In the Cathedral: Images & Confessions

Prelude

I recently found back something I thought lost for ten years – a collection of poems from my youth, paper copies of my earliest work, when ideas and imagination went merrily unchecked, until at some point they were fewer and fewer between. My brother had scrapped my ancient computer for me, and drilled holes through all the floppy discs to ensure that nothing could be found.

When my love died and I moved, this had been carelessly thrown into the bottom of a box of assorted old but necessary papers, taxes and the like. I was devastated thinking this had been lost.

Sharing it, as a way of rekindling creativity.

Interlude

Before we move on to the next 18 years, I want to tell you about Mrs. Beattie.  She was an English teacher in high school, and out of the few strange things I have taken as path markers in my life, is an essay I did for her class.  

She was normally very liberal with the use of red pens, perhaps filled with the blood of crushed students before me; however, this particular paper though now slightly yellowed is unmarked, except for the grade (A) and a single comment:  “you are too young to be this bitter.”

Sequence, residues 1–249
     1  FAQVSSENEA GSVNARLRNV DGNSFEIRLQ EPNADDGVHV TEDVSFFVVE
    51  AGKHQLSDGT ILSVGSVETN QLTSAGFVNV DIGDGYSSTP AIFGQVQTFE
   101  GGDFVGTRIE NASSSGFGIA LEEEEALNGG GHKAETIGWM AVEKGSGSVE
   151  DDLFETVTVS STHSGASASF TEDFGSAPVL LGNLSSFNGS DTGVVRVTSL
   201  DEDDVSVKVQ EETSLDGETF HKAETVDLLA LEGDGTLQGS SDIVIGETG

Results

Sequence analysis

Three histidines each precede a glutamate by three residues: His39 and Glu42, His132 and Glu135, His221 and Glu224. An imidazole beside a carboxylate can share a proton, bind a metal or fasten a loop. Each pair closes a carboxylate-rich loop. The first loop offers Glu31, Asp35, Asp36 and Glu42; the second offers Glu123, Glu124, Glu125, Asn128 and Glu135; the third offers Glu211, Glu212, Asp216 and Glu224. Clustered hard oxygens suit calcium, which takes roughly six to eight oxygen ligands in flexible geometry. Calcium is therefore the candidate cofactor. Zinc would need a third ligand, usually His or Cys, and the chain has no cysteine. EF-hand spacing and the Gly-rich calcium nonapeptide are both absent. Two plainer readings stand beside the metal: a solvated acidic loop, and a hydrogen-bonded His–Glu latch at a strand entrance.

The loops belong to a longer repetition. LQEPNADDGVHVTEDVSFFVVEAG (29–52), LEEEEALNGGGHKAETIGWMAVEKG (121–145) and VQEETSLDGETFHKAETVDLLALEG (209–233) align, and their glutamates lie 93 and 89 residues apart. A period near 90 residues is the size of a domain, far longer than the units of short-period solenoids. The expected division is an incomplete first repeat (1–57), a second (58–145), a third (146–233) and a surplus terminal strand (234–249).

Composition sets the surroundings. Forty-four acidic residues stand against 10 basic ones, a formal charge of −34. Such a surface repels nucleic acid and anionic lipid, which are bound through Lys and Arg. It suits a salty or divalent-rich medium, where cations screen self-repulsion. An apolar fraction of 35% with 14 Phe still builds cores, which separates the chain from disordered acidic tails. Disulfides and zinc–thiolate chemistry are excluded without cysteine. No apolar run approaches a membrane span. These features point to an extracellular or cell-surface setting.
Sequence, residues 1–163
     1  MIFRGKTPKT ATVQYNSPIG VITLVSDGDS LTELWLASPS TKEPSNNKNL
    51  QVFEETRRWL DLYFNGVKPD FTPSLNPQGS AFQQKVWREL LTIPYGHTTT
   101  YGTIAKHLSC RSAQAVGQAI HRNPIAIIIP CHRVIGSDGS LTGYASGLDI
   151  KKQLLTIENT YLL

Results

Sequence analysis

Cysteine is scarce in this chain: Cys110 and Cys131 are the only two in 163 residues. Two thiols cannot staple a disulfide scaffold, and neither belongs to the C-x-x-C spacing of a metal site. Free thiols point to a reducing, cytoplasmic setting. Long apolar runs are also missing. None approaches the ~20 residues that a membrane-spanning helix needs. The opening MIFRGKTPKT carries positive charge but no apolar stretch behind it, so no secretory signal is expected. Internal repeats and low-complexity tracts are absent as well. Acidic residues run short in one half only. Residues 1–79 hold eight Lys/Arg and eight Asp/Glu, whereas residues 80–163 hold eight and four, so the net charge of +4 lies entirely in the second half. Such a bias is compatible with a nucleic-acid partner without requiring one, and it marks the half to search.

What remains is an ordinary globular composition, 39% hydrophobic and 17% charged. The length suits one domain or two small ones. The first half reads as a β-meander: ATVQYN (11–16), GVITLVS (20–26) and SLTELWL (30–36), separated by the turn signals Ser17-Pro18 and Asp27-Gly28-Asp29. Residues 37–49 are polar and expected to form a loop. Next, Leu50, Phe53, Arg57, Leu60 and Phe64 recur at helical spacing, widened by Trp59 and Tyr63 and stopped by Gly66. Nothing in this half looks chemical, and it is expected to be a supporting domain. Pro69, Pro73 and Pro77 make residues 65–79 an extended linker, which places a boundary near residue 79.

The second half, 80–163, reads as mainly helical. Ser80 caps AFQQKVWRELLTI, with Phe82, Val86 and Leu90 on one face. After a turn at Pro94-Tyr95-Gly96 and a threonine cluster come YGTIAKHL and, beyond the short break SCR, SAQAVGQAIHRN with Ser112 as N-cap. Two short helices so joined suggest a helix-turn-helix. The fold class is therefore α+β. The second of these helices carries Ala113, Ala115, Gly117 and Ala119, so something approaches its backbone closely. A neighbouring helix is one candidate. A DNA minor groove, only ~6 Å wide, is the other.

I stopped after the class and brought the paper to her desk.  “I have a problem with this.”

She looked at me sternly; she excelled at stern.  “I gave you an ‘A’.  The paper was well-written.”

“The comment.  You’re wrong.”

She laughed.  “Well, you are far too young to be so bitter and…”

She stopped as I looked her straight in the eyes, and let everything that lay hidden beneath the bedskirt of life look out.

In the moment of rising from her chair: she sits down heavily dropping pen and papers to her desk; one hand flying to her mouth were the laughter is gone, replaced by horror; the other hand starting to reach out towards me but stopping.

Then I blinked, put the happy face back on and take a step back.  Once more I softly said,”You’re wrong.”  And then I left.

Her quiet sob gains response by another teacher in the hall, but I still hear part of their faint conversation.  “Oh my God, Judy, that poor child!”

I remember being jealous that she could get comfort, and I just had to go home.